I understand that Microsoft needs to make money and that product licensing is the way to accomplish this goal. However, can't the company make things a little easier? The software industry is headed for trouble when Microsoft's licensing documentation starts to approach the page count of the US Internal Revenue Service (IRS) Tax Code. For more information about the new programs, see the following Microsoft sites or Windows & .NET Magazine articles:

    Microsoft Guide to Licensing 6.0—Microsoft Exchange Server
    http://www.microsoft.com/licensing/programs/sa/exchange.asp
    http://www.microsoft.com/licensing/downloads/exchange.doc

    Paul Thurrott, "When Alternatives Make Sense," Windows & .NET Perspectives, May 21, 2002
    http://www.winnetmag.com/articles/index.cfm?articleid=25264

    Kathy Ivens, "License 6.0: The New Deal," Windows & .NET Magazine, February 19, 2002 Web Exclusive
    http://www.winnetmag.com/articles/index.cfm?articleid=24032


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    2. NEWS AND VIEWS
    (contributed by Jerry Cochran, News Editor, [email protected])

  • EXCHANGE DEPLOYMENT KIT NOW AVAILABLE

  • The Exchange 2000 Deployment Kit provides information and recommends solutions to help your company benefit from the reliability and scalability features in Exchange 2000 Server and Exchange 2000 Service Pack 2 (SP2). You can use the information in the kit to plan, deploy, and manage your move to Exchange 2000 and Active Directory (AD).
    http://www.microsoft.com/exchange/techinfo/deployment/2000/deploymentcd.asp

  • UPCOMING TECHNET CHATS: .NET ENTERPRISE SERVER (WITH PAUL FLESSNER), EXCHANGE 5.5 TO EXCHANGE 2000 MIGRATIONS, AND EXCHANGE DOCUMENTATION

  • Several upcoming TechNet chats might be of interest to Exchange Server administrators. See the URL below for information about the following chats:
    • Thursday, June 13, 2002, 10:00 A.M. to 11:00 A.M. Pacific Time:
      Chat with Paul Flessner, senior vice president of the Microsoft .NET Enterprise Servers division, about any topics related to .NET Enterprise Servers.
    • Wednesday, June 19, 2002, 10:00 A.M. to 11:00 A.M. Pacific Time:
      Consultants from the US and the UK will answer your questions about migrating from Exchange Server 5.5 to Exchange 2000 Server.
    • Wednesday, June 19, 2002, 11:30 A.M. to 12:30 P.M. Pacific Time:
      Join Exchange documentation experts to discuss your experience with Exchange documentation and what you'd like to see in the future.
    http://www.microsoft.com/technet/treeview/default.asp?url=/technet/itcommunity/chats/default.asp

    3. ANNOUNCEMENTS
    (brought to you by Windows & .NET Magazine and its partners)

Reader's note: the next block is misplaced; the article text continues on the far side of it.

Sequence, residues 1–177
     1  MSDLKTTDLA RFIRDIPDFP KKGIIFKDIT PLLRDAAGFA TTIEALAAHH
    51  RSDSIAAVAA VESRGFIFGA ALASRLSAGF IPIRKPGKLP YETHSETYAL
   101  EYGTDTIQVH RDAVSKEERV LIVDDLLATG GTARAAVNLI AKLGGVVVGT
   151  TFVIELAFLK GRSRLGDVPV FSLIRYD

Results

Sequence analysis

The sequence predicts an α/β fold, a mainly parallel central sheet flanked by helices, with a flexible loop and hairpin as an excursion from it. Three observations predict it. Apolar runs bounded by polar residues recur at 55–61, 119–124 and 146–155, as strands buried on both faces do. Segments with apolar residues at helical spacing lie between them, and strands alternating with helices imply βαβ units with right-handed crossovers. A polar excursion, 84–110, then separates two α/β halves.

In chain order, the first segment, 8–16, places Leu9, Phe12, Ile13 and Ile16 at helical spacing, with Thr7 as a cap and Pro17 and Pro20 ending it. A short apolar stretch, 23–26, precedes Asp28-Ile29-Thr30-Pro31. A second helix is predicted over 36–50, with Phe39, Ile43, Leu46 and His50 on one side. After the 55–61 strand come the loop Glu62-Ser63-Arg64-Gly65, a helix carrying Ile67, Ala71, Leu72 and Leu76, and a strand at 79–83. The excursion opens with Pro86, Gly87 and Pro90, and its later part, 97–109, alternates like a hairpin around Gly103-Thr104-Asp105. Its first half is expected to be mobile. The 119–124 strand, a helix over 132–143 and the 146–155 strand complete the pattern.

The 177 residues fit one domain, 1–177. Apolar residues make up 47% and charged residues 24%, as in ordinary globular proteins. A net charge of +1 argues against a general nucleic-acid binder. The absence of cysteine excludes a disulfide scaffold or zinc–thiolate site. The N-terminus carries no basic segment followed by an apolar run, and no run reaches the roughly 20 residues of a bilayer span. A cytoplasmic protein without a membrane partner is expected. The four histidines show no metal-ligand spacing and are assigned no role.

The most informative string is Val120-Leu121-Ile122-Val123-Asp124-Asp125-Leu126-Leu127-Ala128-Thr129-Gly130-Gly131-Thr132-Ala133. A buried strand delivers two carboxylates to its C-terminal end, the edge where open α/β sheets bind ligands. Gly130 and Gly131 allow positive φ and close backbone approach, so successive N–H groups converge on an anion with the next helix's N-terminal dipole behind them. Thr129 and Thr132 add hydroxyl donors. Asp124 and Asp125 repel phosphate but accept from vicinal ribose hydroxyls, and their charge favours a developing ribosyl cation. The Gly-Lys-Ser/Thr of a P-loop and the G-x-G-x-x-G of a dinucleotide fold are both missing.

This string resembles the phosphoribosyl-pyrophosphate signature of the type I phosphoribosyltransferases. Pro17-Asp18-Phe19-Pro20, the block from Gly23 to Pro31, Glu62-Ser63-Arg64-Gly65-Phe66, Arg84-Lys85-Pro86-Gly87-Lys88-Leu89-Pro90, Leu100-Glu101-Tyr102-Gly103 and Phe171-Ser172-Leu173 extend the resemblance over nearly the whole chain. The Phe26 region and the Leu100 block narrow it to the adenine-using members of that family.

• GET VALUABLE INFO FOR FREE WITH IT CONSULTANT NEWSLETTER

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    http://www.itconsultmag.com

    4. RESOURCES

  • EXCHANGE HOWTO: USE COPY IN WEBDAV TO COPY A MAIL ITEM TO ANOTHER FOLDER

  • Each week, Microsoft posts several Exchange Server how-to articles to its Knowledge Base. This week, learn how to use the Web Distributed Authoring and Versioning (WebDAV) COPY command to copy a mail item from one folder to another.
    http://support.microsoft.com/default.aspx?scid=kb;en-us;q290407

  • FEATURED THREAD: SECURITY TOOLS FOR EXCHANGE SERVER 5.5

  • Casey is looking for a tool that will provide detailed information about Exchange Server 5.5 and Outlook events that appear in the event logs. To offer your advice or join the discussion, go to the following URL:
    http://www.exchangeadmin.com/forums/thread.cfm?cfapp=72&thread_id=106376&mc=1

    5. NEW AND IMPROVED
    (contributed by Bob Kretschman, [email protected])

  • MAXWARE INTERNATIONAL RELEASES DIRECTORY EXPLORER 4.0

  • MaXware International released MaXware Directory Explorer 4.0, software that plugs into Windows Explorer and Outlook and lets users browse for information such as names, postal and email addresses, phone numbers, photos, and certificates. The product automatically inserts retrieved email addresses into new messages. New features in MaXware Directory Explorer 4.0 include support for Outlook XP and the ability to send email to predefined groups. For more information about the product and its pricing, contact MaXware at 732-409-5000 or [email protected]
    http://www.maxware.com

    6. CONTACT US
    Here's how to reach us with your comments and questions:

    This email newsletter is brought to you by Windows & .NET Magazine, the leading publication for Windows professionals who want to learn more and perform better. Subscribe today.
    http://www.winnetmag.com/sub.cfm?code=wswi201x1z